Celtic Tiger Pines for Asia

The Celtic Tiger, a loveable creature that has been warming Irish hearts since its arrival on our shores in the mid-1990s, is now pining for its Asian homelands.

Sheila Burke, a spokesperson for Dublin Zoo, said, “All of Ireland knows that the Celtic Tiger is a fun-loving creature synonymous with good times. Indeed, many saw its luxurious fur and powerful haunches as a symbol of the country’s fortunes. However, in recent months its zest for Irish life has begun to decline rapidly.”

The Celtic Tiger shows its feelings about life in Ireland.

The Celtic Tiger shows its feelings about life in Ireland.

“That luxurious fur is even starting to show signs of mange,” she added glumly.

The Tiger’s arrival in the mid-1990s sparked waves of excitement throughout the country. Traditionally associated with good luck in fast-rising Asian economies such as Singapore and S. Korea, the Tiger’s arrival heralded a wave of credit card maximization and irresponsible mortgage lending in the belief that the Tiger’s presence on our shores would hold at bay the forces of fiscal gravity.

“What goes up must come down, unless the Tiger is below you,” as the ancient Chinese sage Tzun-li famously put it.

And indeed it seemed that it had brought some of that famous Asian luck with it as the Irish economy roared, taking the price of a simple pint of Guinness to over €5 in many parts of Dublin. And of course there was nothing more popular with families than to go out to the Zoo and see the fabled Tiger that had brought such wonders.

In response to this wave of enthusiasm, Dublin Zoo arranged for the Tiger to move to luxurious new accommodation in an extravagant safari park planned on a 500-acre expanse of farmland in Westmeath.

“Well, it seemed like Ireland was about to become the land of saints, scholars, and millionaires,” said Miss Burke lamely. “And as we’re post-Catholic and don’t have saints, and we’ve constricted Uni funding so our scholars have gone, really we were just going to be a land of nouveau-riche millionaires. And there’s nothing the jet-set like more than going on safari, watching wild animals savagely rip each other’s flesh from their bones, and Westmeath can offer them that.”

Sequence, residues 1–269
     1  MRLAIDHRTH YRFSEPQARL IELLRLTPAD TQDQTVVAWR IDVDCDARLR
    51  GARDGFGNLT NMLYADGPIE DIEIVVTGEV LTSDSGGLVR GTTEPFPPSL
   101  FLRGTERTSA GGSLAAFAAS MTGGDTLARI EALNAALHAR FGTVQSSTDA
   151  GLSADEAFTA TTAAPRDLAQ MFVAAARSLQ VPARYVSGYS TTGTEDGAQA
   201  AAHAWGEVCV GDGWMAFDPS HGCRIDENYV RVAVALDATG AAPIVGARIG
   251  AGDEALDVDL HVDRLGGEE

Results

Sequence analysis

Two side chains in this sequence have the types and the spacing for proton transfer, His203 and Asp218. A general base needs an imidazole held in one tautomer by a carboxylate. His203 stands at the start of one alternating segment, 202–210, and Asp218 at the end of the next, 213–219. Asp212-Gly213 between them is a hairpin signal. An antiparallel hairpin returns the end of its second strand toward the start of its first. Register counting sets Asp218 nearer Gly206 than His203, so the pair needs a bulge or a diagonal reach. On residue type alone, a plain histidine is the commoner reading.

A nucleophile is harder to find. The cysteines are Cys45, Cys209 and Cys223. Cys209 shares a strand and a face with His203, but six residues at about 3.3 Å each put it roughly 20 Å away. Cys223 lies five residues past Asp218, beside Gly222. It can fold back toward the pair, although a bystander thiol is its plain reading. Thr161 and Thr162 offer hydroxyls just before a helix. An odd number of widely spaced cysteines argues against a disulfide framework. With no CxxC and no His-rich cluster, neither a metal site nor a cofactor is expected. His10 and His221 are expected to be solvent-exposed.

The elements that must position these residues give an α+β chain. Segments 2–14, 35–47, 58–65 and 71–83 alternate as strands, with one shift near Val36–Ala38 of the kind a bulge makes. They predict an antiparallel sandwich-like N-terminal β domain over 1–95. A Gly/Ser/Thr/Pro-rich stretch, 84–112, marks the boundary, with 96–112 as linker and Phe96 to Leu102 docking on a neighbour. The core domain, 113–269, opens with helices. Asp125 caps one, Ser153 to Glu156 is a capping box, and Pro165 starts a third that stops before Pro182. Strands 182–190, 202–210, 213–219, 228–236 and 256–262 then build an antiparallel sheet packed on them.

The Irish people responded enthusiastically to the Tiger, but that hasn't prevented it wanting to go home to Asia.

The Irish people responded enthusiastically to the Tiger, but that hasn't prevented it wanting to go home to Asia.

The new safari park in Westmeath included such opulent facilities as visitors’ jeeps made entirely of reinforced glass and even a sauna for African animals struggling with the cold northeastern winds. Having taken an enormous loan out to pay for the land and the housing for the animals, Dublin Zoo had just moved the Celtic Tiger into its new home when it was badly hit by the recession.

“He was so happy at first,” said Miss Burke, with a tear in her eye. “It was quite a sight watching him charge around those open fields, looking for prey to hunt. But then we couldn’t afford to bring in any more animals, so he was there on his own, in the middle of Westmeath, the only living creature in a ghost estate.”

“It wasn’t long before he turned into a ghost of himself.”

As funding dried up, the Tiger’s rich diet of raw meat was exchanged first for Denny sausages, and then Tesco-brand sausages, before finally being forced to eat tofu.

“Yeah, well, we all have to make sacrifices,” said Miss Burke dismissively.

The Celtic Tiger's depression is so intense it no longer desires fresh pork.

The Celtic Tiger's depression is so intense it no longer desires fresh pork.

The Tiger’s fur lost its glossy sheen and began to fall out. It lost its proud, arrogant walk and quickly became apathetic, lying listlessly in front of the safari park’s TV set, listening to political parties endlessly bicker about which one was at fault.

“Back in its heyday it would have just ignored those fuckers,” said Miss Burke plaintively. “It’s a sign of his decline that he actually finds himself listening to their tripe.”

The Tiger is now hoping that an international rescue fund will restore it to its Asian homelands, perhaps in China or India, where conditions seem more conducive to it.

“We’ll just have to face it,” said Miss Burke with a sigh of resignation. “Ireland was no place for the Celtic Tiger.”

One Response to Celtic Tiger Pines for Asia

  1. Gombeen Man says:

    Yeah… poor Tigger was always just that bit incongruous here, I thought…

    Nice post.

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